New York Times reporter Kevin Sack dug deeper, unearthing the roots of the dilemma: serious cost containment would cut the income of the formidable Massachusetts medical establishment. As Brandeis health policy professor Stuart Altman told the Times: “Really controlling costs requires just stopping spending.” In other words, what’s needed is a limit or cap on spending allocated to medical services. Nobody is talking about that, either in Massachusetts or nationally.
“[Cost control] was really never an active part of the conversation,” says Nancy Turnbull, a professor at the Harvard School of Public Health. The law’s biggest nod to cost containment was the Health Care Quality and Cost Council, which has created a Web site to help consumers shop for the best care at the lowest price. The MyHealthCareOptions site gives some data about quality measures for hospitals and costs for some procedures. According to the state, 2,700 people visited the site during the last three weeks in May. It’s hard to say whether they found it helpful. It’s much easier to say the site does not reduce costs, if at all. There’s little evidence that consumer shopping reduces the price of medical services.
The state built its plan with federal dollars, assessments on employers, redistributing existing funds, and new general revenues. “It needs a dedicated revenue source,” says Boston Medical Center vice president Tom Traylor. “It was all just cost shifting.” So the state has had to raise copayments and premiums for people receiving subsidized coverage, and has increased tobacco taxes to help make ends meet. This year, the state is facing a $4 billion budget gap; the state senate has proposed taking away subsidized care for some 28,000 legal immigrants who are now eligible.
Another cost-control strategy is to enact recommendations made by the Special Commission on the Health Care Payment System, one of which is to give providers a negotiated set payment that covers all the care a patient would need for the year. “The fee-for-service system has all the wrong incentives,” a commission member told the Globe. That sounds an awful lot like what policy experts said fifteen years ago. So do these new “global payments,” which sound like the capitation payments HMOs made to providers in an effort to cut costs. As the great HMO backlash from patients and docs flared up, capitation payments gradually disappeared for some providers and were replaced with, yes, the old-fashioned fee-for-service arrangements.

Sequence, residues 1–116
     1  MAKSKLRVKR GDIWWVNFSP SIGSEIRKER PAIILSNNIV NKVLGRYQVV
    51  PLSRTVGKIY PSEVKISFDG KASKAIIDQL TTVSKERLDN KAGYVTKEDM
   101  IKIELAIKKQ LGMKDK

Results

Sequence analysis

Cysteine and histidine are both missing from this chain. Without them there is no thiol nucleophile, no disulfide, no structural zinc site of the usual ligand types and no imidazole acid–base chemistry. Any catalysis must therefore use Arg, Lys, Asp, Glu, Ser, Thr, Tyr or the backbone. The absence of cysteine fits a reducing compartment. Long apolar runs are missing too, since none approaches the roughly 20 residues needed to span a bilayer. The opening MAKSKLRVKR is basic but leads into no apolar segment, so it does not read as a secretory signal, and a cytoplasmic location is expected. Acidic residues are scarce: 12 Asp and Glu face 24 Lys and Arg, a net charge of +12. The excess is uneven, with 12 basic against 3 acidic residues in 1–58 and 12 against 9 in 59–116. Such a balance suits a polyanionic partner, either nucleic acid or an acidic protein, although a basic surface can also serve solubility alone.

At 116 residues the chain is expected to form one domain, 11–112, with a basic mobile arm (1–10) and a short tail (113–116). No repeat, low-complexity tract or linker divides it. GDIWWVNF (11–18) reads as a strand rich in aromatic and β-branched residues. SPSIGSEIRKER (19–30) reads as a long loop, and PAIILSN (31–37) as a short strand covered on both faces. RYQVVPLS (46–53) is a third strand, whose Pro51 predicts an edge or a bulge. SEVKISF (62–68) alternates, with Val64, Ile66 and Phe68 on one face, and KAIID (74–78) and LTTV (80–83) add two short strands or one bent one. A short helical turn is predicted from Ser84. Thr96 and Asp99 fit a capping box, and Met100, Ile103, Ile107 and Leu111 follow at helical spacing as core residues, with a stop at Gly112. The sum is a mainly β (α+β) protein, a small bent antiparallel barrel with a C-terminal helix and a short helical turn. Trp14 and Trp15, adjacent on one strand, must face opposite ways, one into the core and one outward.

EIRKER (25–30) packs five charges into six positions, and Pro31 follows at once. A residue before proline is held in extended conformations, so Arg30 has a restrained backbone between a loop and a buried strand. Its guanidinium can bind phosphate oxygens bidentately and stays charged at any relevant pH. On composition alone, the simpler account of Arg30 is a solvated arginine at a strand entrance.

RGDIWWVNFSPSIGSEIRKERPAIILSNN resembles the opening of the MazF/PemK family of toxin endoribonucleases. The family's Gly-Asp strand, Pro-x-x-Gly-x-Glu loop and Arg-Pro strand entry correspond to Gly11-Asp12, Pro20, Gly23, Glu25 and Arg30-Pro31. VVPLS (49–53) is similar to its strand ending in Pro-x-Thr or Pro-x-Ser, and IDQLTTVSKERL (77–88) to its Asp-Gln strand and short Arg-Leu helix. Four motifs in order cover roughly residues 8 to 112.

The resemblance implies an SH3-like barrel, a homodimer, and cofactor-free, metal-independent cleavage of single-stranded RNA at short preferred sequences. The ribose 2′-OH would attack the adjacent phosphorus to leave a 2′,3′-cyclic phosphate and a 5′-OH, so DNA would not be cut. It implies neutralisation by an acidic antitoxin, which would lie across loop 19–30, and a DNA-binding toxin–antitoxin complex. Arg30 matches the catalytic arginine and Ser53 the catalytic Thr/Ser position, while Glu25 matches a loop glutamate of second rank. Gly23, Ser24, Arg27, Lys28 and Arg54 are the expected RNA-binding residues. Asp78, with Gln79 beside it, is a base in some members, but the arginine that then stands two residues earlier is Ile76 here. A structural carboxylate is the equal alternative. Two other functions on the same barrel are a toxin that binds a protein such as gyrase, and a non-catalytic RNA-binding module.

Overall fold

I asked Sarah Iselin, the state’s commissioner of the division of health care finance and policy, about the difference. She said this time payments would be coupled with performance measures of quality, adding “it’s different from the capitation of the 90s.” I asked a health plan official the same question. He said “they really mean the same thing, for better or worse. Capitation has become a dirty word. What the commission has tried to do is rebranding.”
A lot of newbies cover health these days, and might not be versed in all the payment jargon. The trick will be for reporters to decipher the new buzz words and really deconstruct their cost-cutting potential. Here’s another shout out to the Globe for doing just that. Its story in early May told readers: “The new payment system the commission expects to recommend has been tried before.”